There is no simple answer to any of this and we all have our viewpoints based on our own reading of the situation. That, in turn, is based on our own experiences. And expectations.

Walsh has got off lightly but Koeman had absolutely no spark about him at all. It bores me just to type his name. Did we actually interview that bloke? If so, he must either have put on a fake voice or Moshiri was a mug.

The past week on TW has at least been ‘interesting' which is more than can be said for the footy much of this season! Ultimately we all want the same thing. As the saying goes, there is more than one way to skin a cat. I'm happy with Sam Allardyce.

Let's hope we can stuff the RS on Sunday .I have to say that I'm more confident with Allardyce on board than without him.

Is it me or does there seem to be a bit of positivity about the players now?< I think Lallardyce will have them drilled, motivated and with a Plan A, B and C. And we are massive underdogs which should reduce the pressure a lot, hopefully with a positive outcome. He does have some form against them.

Here's hoping.

Steve Solomon
25 Posted 06/12/2017 at 08:36:18
I think Sam's label is unfair. He has only had relegation threatened clubs with no money in the past. This is different, let's see what he can do. I am optimistic.

The players look happier than they have in a long time and seem to be enjoying their football again. I'm looking forward to Sunday's game, whereas up until now I have been dreading it.

Ash Moore
26 Posted 09/12/2017 at 18:30:18
If you always do what you've always done you'll always get what you've always gotten.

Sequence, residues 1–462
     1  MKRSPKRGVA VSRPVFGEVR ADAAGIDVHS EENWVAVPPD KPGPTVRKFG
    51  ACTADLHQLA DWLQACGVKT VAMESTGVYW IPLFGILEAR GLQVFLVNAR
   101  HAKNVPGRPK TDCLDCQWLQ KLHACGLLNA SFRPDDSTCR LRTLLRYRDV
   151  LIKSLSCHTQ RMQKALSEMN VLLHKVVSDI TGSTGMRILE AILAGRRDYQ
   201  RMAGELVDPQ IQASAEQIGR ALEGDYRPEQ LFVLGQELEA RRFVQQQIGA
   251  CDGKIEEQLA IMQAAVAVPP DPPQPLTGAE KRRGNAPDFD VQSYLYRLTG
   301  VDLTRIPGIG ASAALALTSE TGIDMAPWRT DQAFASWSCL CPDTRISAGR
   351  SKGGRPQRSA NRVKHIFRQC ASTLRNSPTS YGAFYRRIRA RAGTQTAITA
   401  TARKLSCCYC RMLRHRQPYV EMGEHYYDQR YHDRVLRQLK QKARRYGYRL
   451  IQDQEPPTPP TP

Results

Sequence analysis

It is what it is. Good luck to him, and I hope he takes us up the table. But for me well it's not the club I grew up supporting. Letting this shady bastard back into football was the sort of shit I used to hang on Leeds fans with George Graham. That's how far the wheel has turned I suppose, and part of the reason I feel less attached to football than at any point in my life.

Perhaps it'll turn again. Perhaps it won't. It is what it is. Good luck to him. Expectations have possibly (probably?) never been lower, so the only way is up.

Andy McNabb
27 Posted 10/12/2017 at 01:44:00
Good article, Nick. I agree with your last comment re 'Sportpesa'. The fact that our main sponsor makes its money by deliberately preying on the weaknesses of individuals and bring so much misery to them and their families, is of far greater shame to this Club than the appointment of a manager who was caught trying to do the wrong thing financially.

Maybe it was always so, with so much of our earlier success built on the revenue of the footy 'Pools' industry but let's face it, financially, the game is screwed.

I refuse to object to Sammy Lee simply because he played for the other lot and also agree with John Pierce that at least Allardyce looks like he knows what he's doing. I never really took to the man when he managed other teams but after this debacle of a season, I'll settle for that.

Hugh A Ross
28 Posted 12/12/2017 at 15:31:58
Ash. I cannot comment on the parents of Mr Allardyce, however "Crime" was discussed at great length and he was punished. We now have him as the manager of our club, "by definition a coming together"!

Let's watch with interest, if the purse that he is presented with is spent well, let's not second guess. We can speculate and enjoy our speculations – the cold hard facts are we need quality and a lot of it.

I am a supporter for over 60 yrs and am still suffering from the embarrassment of our Dutch "Saviour" but hope springs eternal; the top 4 beckons...